Calathea plants are houseplants commonly called zebra plants. They are so named for their bright white veins that look like zebra stripes on shiny dark green leaves whose undersides are purple-tinged. Varieties of calathea come with leaves that are white, yellow, rose or olive green. Calathea plants will not survive at temperatures below 55 degrees F.
Grow zebra plants in low light. Do not expose them to direct sunlight because it can burn their leaves. Situate them well away from windows, especially south-facing windows.
Grow your calathea plants indoors at temperatures between 60 and 70 degrees F. If your indoor temperatures are warmer than this, provide them with extra humidity. Keep calathea plants away from drafts.
Increase the humidity in the room where you are growing calathea plants. Situate them on pebble-filled saucers. Fill the saucers up with water to just below the level of the top of the rocks. The evaporating water will increase humidity in the area around the plant. Another way to increase humidity is to run a humidifier in the room.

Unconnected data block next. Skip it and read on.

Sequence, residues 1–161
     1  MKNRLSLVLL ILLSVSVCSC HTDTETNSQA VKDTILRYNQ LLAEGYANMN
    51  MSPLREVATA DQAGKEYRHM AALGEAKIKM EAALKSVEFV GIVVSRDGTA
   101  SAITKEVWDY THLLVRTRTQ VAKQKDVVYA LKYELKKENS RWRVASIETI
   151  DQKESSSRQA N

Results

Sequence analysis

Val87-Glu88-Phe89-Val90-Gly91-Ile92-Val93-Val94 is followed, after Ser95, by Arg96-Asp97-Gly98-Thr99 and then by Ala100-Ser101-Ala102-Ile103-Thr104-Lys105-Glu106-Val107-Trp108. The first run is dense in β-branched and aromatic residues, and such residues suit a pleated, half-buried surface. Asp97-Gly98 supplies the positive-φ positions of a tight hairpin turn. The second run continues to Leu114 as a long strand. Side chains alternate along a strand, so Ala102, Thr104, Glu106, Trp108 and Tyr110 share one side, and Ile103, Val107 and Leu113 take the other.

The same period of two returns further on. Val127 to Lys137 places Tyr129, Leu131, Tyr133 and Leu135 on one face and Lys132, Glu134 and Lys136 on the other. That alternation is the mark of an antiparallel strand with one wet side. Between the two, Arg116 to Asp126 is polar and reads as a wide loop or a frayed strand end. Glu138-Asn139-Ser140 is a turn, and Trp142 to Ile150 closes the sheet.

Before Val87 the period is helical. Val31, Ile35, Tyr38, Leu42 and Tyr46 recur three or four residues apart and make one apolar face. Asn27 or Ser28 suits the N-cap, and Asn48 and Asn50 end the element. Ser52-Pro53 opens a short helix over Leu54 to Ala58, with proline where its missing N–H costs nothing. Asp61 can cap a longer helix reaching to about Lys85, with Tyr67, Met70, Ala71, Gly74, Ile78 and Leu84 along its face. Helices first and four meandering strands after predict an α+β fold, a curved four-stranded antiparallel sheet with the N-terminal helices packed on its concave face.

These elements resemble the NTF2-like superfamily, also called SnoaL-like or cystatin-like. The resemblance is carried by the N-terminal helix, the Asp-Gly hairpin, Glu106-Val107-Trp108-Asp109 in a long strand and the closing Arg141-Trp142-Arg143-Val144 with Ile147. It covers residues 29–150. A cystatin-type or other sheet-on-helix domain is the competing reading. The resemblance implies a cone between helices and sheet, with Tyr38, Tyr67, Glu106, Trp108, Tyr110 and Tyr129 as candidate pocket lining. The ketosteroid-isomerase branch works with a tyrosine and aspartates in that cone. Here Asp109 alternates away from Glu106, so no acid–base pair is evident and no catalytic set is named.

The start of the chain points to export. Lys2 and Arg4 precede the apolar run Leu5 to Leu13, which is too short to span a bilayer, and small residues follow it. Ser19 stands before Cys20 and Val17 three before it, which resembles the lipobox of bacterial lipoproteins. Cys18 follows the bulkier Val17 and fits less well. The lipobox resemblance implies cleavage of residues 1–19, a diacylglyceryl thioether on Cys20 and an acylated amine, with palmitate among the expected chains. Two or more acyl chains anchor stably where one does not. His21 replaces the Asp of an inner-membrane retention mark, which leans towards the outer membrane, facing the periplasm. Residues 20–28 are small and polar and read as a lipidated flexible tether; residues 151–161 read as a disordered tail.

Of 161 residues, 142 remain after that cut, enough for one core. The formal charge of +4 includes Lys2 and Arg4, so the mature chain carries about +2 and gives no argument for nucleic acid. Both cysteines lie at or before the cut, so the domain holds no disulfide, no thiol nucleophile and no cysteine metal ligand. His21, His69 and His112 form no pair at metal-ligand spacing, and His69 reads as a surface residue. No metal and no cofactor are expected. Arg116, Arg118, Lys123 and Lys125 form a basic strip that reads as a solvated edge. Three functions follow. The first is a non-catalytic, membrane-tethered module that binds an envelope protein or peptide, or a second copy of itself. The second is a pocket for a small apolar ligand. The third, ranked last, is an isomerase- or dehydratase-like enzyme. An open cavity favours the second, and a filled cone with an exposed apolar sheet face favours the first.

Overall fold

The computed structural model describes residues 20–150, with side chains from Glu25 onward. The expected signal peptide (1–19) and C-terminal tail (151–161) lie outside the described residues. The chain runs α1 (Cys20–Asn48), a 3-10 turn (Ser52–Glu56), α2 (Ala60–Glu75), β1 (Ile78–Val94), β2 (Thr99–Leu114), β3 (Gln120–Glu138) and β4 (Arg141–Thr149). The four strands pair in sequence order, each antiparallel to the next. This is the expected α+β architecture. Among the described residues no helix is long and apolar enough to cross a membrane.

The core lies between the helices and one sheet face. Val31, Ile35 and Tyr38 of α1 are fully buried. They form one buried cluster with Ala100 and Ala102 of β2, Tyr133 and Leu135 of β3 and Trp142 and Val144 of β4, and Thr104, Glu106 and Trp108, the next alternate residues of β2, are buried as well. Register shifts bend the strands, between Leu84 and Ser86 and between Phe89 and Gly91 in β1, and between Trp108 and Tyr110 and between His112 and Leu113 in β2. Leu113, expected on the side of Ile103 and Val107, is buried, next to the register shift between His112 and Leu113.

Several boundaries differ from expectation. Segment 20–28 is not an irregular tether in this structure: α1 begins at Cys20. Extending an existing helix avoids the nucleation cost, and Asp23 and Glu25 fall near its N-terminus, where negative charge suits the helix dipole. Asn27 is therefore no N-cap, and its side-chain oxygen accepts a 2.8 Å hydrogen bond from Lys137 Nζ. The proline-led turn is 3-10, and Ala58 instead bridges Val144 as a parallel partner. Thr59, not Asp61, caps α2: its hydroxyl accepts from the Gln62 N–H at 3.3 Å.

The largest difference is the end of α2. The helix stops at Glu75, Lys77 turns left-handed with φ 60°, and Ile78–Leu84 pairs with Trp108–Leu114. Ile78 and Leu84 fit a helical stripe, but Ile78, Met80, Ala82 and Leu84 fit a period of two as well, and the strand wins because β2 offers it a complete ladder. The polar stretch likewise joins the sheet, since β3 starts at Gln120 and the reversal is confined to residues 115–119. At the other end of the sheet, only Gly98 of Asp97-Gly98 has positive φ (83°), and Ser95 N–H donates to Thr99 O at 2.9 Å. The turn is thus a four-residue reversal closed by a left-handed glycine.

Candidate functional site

Water with room-temperature water when the soil is dry one to two inches below the surface. Don't allow the soil to dry out completely. It should still be moist in the center of the root ball when you water it. Zebra plants hate wet feet--don't let them sit in standing water. Water less in winter; the soil will dry out more slowly and won't need as frequent watering as during active growth in summer.
Repot calathea yearly into a pot only slightly larger than the one in which they are currently growing. Use one part regular potting soil and one part perlite to retain moisture and promote good drainage.
Fertilize with regular indoor houseplant food every week during the period when they are in active growth. Apply weekly, mixing the fertilizer as recommended by the manufacturer.
Move calathea plants outdoors during frost-free weather, as soon as temperatures stay warmer than 60 degrees F. Place them in deep shade.